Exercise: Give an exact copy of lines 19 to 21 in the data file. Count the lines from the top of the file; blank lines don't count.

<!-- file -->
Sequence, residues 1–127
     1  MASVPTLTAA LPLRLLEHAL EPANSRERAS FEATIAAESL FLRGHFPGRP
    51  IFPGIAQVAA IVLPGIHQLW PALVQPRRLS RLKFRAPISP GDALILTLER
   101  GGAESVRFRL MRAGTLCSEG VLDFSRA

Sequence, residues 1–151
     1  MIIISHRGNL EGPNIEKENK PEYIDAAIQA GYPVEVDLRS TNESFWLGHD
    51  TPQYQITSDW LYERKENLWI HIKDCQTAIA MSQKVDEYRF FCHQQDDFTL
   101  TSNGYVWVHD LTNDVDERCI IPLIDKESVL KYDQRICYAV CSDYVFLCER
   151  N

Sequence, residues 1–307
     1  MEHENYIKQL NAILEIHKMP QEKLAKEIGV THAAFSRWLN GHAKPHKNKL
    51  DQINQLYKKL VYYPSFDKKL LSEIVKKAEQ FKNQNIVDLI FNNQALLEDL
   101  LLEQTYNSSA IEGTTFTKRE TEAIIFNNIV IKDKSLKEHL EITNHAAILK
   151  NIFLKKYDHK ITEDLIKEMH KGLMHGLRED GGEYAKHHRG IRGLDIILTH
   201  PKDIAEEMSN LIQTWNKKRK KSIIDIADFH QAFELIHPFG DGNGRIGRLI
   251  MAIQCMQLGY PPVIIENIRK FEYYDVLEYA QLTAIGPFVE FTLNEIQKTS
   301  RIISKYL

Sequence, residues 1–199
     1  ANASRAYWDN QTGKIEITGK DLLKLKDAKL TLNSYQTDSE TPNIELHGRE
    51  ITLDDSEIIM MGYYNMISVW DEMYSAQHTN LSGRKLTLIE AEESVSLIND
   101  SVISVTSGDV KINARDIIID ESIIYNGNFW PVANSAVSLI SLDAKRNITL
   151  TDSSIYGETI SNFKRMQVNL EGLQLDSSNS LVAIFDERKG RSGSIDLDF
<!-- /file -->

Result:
     1  ANASRAYWDN QTGKIEITGK DLLKLKDAKL TLNSYQTDSE TPNIELHGRE
    51  ITLDDSEIIM MGYYNMISVW DEMYSAQHTN LSGRKLTLIE AEESVSLIND
   101  SVISVTSGDV KINARDIIID ESIIYNGNFW PVANSAVSLI SLDAKRNITL